I like to talk about a reporter who exemplifies the characteristics needed not to be snowed in online.
Bob Boilen host of NPR’s ‘All Songs Considered’ he has created and produced the Tiny Desk Concert series for NPR Music; hosting intimate performances at his office desk, with bands like The National, Ben Folds, Adele and Madison’s own PHOX.
What I find throughout Bolien’s work is his voice, a distinct personality when he is writing about music. Every writer has a style that comes off in his or her work, in one way or another, some journalist must keep their voice in the shadows to try to keep bias out. However, in the case of a music critic, his voice is arguably the most important aspect of their job. A reader will keep coming back to a reviewer, even if they disagree if it makes them think or feel. I respect Bob Bolien’s work because I can see that his opinions are his own and that he thinks out his ideas when he writes.
The way he expresses his ideas within his articles is worth of praise. I really admire the way Bolien communicates with the reader in his work, he makes easy to well constructed and easy to follow arguments.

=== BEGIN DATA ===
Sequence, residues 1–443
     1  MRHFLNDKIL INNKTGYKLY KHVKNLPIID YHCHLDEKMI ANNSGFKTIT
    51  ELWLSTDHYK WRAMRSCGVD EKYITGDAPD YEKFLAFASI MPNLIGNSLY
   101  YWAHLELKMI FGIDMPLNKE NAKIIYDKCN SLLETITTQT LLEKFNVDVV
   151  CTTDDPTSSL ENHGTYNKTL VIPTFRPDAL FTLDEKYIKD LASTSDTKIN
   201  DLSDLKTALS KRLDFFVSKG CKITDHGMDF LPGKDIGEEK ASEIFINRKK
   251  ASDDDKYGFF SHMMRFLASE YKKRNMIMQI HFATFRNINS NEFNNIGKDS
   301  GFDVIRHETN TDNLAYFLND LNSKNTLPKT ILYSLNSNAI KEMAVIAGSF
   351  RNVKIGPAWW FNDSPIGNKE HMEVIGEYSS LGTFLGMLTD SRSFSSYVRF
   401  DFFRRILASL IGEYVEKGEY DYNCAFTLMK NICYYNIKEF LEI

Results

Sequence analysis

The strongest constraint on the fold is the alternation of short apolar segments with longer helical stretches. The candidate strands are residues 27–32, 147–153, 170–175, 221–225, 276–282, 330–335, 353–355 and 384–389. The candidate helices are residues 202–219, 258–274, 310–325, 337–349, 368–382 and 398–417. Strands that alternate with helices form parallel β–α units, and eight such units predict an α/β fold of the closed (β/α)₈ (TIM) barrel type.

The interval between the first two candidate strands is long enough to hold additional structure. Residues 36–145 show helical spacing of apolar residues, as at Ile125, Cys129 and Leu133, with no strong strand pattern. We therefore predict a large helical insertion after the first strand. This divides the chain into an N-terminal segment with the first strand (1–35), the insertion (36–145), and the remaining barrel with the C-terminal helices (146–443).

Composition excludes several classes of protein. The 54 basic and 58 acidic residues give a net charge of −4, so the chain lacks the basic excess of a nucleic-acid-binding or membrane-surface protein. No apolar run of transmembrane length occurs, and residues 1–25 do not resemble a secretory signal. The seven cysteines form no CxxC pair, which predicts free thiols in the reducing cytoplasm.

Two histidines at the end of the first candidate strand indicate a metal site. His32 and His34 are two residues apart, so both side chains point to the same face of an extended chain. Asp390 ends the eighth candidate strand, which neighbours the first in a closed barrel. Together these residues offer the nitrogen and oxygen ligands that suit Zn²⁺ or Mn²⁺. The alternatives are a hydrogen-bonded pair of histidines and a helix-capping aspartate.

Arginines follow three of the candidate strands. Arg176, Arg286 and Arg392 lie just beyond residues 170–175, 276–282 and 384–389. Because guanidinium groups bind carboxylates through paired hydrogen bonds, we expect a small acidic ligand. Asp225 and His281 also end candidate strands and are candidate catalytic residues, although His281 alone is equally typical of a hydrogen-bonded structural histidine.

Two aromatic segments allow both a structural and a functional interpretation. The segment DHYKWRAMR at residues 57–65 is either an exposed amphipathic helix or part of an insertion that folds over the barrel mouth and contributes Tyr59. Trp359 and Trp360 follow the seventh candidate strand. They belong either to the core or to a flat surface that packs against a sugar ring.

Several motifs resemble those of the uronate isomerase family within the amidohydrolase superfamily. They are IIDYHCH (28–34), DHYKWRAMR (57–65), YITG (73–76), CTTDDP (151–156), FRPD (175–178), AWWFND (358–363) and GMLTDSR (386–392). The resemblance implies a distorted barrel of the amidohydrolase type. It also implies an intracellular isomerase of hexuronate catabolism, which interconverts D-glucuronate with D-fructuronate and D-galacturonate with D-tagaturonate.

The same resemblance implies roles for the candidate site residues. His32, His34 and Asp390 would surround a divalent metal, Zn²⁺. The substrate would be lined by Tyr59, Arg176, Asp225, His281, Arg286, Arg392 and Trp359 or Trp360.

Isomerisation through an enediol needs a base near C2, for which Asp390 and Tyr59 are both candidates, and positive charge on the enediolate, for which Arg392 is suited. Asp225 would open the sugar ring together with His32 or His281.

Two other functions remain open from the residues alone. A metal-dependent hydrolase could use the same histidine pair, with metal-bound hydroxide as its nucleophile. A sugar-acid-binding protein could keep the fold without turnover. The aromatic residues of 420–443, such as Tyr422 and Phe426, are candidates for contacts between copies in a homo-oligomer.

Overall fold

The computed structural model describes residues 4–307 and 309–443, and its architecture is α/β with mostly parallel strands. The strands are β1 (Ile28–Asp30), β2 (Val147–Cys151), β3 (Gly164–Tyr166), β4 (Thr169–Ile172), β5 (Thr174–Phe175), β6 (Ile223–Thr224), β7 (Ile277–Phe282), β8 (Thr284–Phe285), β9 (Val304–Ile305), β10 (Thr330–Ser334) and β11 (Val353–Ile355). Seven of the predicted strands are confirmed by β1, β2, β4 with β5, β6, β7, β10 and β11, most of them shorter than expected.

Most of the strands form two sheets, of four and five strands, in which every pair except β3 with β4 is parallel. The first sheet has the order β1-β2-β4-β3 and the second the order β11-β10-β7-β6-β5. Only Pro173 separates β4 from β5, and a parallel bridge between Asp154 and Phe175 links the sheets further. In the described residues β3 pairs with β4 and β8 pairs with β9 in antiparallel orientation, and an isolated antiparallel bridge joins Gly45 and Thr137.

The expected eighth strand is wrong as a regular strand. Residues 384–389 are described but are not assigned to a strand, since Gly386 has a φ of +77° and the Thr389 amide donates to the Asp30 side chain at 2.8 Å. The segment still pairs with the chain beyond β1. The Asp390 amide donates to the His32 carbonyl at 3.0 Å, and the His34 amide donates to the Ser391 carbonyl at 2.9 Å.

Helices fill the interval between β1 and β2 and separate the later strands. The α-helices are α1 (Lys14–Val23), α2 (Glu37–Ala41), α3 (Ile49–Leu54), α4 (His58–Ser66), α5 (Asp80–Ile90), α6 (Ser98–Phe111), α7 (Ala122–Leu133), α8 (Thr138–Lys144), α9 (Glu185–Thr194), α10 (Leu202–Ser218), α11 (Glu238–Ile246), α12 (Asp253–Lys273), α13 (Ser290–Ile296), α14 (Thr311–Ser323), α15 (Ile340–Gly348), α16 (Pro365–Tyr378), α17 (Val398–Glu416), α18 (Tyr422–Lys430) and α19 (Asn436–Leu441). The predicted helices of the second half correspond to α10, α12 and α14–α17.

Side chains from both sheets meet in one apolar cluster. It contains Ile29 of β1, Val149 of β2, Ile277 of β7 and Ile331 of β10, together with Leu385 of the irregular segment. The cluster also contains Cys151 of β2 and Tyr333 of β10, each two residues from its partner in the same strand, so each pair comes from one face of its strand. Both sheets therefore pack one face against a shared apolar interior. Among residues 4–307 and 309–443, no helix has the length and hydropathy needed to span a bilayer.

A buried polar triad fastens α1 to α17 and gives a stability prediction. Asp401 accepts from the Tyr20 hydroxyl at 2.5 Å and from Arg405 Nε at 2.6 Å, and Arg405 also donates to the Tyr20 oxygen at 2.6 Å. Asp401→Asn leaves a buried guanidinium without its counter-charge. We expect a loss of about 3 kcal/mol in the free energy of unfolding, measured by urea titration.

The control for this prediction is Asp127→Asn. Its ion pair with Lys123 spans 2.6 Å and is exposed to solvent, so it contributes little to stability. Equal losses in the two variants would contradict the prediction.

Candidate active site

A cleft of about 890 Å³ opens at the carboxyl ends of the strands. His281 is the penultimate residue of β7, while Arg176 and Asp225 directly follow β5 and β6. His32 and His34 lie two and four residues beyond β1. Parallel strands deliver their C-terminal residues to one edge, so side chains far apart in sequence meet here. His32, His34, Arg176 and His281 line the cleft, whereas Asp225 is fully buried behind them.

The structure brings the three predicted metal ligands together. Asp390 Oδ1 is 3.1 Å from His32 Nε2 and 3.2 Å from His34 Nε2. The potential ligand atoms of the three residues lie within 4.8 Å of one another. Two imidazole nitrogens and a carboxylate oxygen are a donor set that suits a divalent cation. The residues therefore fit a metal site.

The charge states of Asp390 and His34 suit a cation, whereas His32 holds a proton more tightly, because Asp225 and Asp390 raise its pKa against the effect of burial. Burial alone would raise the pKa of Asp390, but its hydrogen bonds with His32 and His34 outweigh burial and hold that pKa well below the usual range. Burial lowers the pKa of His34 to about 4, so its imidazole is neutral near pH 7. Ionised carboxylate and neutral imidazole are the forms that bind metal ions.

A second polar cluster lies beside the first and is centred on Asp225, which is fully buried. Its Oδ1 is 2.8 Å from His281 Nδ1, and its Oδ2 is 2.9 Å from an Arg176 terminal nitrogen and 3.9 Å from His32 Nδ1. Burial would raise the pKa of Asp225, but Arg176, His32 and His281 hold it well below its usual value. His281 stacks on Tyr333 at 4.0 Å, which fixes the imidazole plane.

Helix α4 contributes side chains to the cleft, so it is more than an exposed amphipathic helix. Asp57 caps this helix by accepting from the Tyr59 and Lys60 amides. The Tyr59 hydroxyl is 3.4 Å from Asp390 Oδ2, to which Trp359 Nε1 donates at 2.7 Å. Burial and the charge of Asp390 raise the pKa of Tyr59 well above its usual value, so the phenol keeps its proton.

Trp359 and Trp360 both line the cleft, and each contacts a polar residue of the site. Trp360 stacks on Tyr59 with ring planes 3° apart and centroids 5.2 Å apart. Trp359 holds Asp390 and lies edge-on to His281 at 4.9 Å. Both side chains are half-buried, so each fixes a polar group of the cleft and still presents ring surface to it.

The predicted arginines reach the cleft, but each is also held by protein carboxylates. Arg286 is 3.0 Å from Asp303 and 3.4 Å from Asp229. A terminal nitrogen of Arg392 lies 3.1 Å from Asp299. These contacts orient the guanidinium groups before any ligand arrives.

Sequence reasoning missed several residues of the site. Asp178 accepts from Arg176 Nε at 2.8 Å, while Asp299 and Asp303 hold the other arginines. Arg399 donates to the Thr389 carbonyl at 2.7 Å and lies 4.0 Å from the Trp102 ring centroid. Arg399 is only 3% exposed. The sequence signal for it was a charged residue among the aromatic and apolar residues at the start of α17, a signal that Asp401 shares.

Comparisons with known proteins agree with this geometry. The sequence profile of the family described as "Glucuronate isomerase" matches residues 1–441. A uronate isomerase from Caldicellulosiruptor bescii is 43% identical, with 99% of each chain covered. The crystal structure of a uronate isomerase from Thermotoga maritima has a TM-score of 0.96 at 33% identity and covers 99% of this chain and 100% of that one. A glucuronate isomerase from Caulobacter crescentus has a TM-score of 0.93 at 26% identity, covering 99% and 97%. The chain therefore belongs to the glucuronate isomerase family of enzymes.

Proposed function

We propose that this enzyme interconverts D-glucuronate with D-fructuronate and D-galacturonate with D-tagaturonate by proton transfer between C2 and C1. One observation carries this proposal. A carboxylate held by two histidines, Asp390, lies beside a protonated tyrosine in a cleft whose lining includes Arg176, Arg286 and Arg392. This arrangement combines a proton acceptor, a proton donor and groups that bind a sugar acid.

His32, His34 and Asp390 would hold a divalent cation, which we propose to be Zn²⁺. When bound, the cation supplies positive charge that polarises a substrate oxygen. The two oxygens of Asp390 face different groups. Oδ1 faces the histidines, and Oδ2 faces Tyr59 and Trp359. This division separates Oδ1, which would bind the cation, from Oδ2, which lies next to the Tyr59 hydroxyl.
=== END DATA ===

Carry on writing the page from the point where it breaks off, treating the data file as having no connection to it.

Three types of analytics that are important to take into account when integrating analysis in the workflow…
- Rudimentary – offers a certain amount of data, but lacks cohesiveness with newsroom organization and culture;
- Generic – multiple analytics tools are used, but the newsroom’s structure and mindset are optimized for short-term results;
- Editorial – bespoke tools, supported by an organization and culture focused on short-term and long-term data-informed decisions, and flexible to evolve as the industry changes
The Tiny Desk uses the editorial data they receive from NPR’s in-house analytics platforms to select artists that fit within their popular music content to perform.
But as stated in the Media Shift article Bob Bolien does a good job with community outreach. He tries to use his twitter account to engage with his audience to either share something he believes fits into his content or respond to audience questions.
In music journalism, there are a lot of voice all shouting “read me!” It is easy to get snowed in, but the saturated market does not mean you can’t carve out a niche for you develop your audience. Bob Bolien truly has created a loyal engaged audience base that is expanding as he makes smarter social media choices as he receives new analytic data.